It's not simply a question of maximizing the benefits from sustaining technology, it is a question of making sure we are up to speed with and making the most of the disruptive technologies which themselves will play a major role in the changes in the profession that we see around in most jurisdictions. 

It seems to me, having been in the legal technology for over 30 years, that the best way to convince and compel lawyers to embrace technology and to invest their time in using technology is not by argument, is not by presentations, or good articles, or books. No, it is by case study and example, mainly within the firm. So that good, positive experience within a particular practice of relevant technologies can quickly convince lawyers to take part. Also case studies from other law firms and from clients as well can contribute, but I think the time for intellectual arguments is over. 

What it is that convinces lawyers most, is to learn in practice what the actual benefits are being and to see concrete case studies, because it seems to me that for any set of experiences or ideas, clever lawyers can always come up with counter ideas or counter arguments. But it is harder to resist or deny the reality of successful case studies.

What do you make of the Flaherty Suffolk technology audit initiative and what impact do you think it will have long-term on the relationship between corporations and the attorneys providing services to them? (Michelle Spencer - Bracewell & Giuliani LLP)

In my response to the previous question, I did mention this audit and it strikes me of being of considerable significance. The suspicion that many of us have that lawyers underexploit the technology that is already in their laptops, I think, has been found to be entirely justified by the work of Casey Flaherty and supported by the Suffolk Law School. I congratulate them both.

First of all it is a fine example of the way in which legal practice and the academic legal world should be collaborating. There has not been nearly enough collaboration or cooperation between legal academics and practitioners at the coal face, and I think there is a very powerful lesson here for law firms that this is a collaborative project involving both in-house lawyers and academics. And hopefully we'll find more law firms similarly cooperating with the academic world.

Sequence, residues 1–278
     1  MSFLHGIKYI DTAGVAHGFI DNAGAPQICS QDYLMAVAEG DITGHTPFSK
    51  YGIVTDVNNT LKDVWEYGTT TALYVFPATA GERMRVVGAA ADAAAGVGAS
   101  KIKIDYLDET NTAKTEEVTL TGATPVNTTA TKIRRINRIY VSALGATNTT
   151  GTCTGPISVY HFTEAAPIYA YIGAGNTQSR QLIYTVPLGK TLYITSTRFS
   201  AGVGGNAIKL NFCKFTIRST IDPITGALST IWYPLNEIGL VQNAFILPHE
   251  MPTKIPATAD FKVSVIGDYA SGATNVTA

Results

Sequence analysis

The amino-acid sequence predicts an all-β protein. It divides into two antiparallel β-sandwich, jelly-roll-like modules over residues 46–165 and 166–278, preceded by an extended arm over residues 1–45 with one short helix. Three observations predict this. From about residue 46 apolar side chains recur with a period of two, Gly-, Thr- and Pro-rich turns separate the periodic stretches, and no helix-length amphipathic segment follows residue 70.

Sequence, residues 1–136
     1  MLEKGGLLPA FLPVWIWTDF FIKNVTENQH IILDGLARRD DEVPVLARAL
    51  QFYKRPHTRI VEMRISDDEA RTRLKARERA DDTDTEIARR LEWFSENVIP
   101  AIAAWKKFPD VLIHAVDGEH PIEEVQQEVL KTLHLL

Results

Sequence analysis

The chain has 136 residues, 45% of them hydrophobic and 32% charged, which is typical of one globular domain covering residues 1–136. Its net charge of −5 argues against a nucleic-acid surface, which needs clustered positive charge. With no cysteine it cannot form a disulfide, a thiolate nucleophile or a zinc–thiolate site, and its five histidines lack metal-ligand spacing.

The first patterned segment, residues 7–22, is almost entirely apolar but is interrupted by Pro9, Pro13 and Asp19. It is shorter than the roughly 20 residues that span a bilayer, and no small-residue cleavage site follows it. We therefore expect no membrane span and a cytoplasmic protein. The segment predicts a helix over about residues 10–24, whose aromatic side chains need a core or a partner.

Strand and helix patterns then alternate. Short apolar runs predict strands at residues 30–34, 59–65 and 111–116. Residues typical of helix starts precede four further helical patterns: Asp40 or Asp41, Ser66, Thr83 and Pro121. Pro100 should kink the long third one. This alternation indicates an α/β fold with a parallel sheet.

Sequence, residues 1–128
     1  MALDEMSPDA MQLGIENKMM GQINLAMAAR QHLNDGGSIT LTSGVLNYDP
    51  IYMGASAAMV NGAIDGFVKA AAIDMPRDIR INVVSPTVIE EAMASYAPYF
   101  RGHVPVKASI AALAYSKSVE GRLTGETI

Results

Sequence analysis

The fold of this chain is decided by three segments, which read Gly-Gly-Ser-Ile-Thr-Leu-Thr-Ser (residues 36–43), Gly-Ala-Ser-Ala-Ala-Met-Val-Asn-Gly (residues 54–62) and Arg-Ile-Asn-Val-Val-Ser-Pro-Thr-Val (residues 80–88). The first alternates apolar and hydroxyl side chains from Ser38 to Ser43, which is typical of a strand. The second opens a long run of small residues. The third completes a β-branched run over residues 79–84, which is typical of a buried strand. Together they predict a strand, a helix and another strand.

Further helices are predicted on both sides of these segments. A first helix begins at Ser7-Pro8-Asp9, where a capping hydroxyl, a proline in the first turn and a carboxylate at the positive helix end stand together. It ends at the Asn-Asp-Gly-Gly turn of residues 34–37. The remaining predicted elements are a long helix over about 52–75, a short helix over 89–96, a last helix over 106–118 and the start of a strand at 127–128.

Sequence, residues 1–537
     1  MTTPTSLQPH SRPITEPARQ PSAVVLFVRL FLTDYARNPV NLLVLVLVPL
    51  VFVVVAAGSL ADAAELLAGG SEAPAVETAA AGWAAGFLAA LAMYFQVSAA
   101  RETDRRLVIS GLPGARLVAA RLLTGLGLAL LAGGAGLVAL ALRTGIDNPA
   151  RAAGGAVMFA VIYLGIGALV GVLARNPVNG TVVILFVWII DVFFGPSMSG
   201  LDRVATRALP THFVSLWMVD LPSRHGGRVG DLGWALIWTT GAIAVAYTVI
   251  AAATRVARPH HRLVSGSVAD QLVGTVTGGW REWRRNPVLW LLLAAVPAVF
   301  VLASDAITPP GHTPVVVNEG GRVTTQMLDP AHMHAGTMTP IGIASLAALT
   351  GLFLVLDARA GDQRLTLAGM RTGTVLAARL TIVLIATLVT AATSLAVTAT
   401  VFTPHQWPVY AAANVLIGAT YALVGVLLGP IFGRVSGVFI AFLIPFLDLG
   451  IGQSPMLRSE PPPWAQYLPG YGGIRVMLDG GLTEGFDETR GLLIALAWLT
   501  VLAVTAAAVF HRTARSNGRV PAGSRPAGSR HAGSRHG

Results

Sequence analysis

As for the actual initiative itself, I think it is challenging, I think it is imaginative, and I think it is highly pragmatic. It goes to the heart of the prime concern of many in-house counsel, which is that we need to reduce the overall cost of legal service. And there the conclusions that are being drawn suggest that one key way of saving expenses is to drive out efficiencies from everyday legal practice. This is what I would call the efficiency strategy.

You may recall, I have two broad strategies to respond to what I call the 'more for less' challenge: the efficiency strategy and the collaboration strategy. The efficiency strategy suggests we need to find a way of cutting costs, of picking costs out of conventional legal service, and using advanced technology -indeed fairly basic technologies too- to try and improve the way we manage our documents, produce our documents, undertake reviews of documents and conduct everyday legal practice seems to me to make perfect sense.

But what this initiative does, is it makes the work of lawyers to some extend measurable. You know that old phrase that 'if you can't measure it, you can't manage it'? And what this initiative, it seems to me, brings is one way at least of measuring the productivity and efficiency of lawyers.

The profession of law is getting more and more competitive to join. What advice can you offer young students who may be thinking of joining the law profession? (Lena Ahad - Technology PR)

My main advice for young aspiring lawyers is to be aware that the way in which they will work in the legal profession in the future will bear little resemblance to the way in which lawyers have worked in the past. The 21st century lawyer will, I believe, take on a whole different set of rules from the 20th century lawyer. And so the law student who enters the profession in the hope that it will be like the lawyering that they have heard of from their parents or their parents' friends, will be disappointed. 

As I often say, the future of legal work is not John Grisham and it's not Rumpole of the Bailey, it's entirely different it seems to me. Young aspiring lawyers should be immersing themselves in the kind of tools and techniques that legal practices of tomorrow will require. For example, legal project management, legal process analyses, and what I call legal knowledge engineering. I think it will be important in law as elsewhere for young aspiring professionals to be entirely familiar with the potential and the limitations of online service in their areas. 

And also to be able to recognize that a lot of the work that used to be what I term 'highly bespoke' that's hand-crafted and tailored and customized and delivered in a one-to-one consultated advisory basis will actually turn out to be delivered as part of a more complex package and mix of services, some of which will be online, some of which will be highly standardized and much less of which will be hand-crafted in a way that we have expected in the past.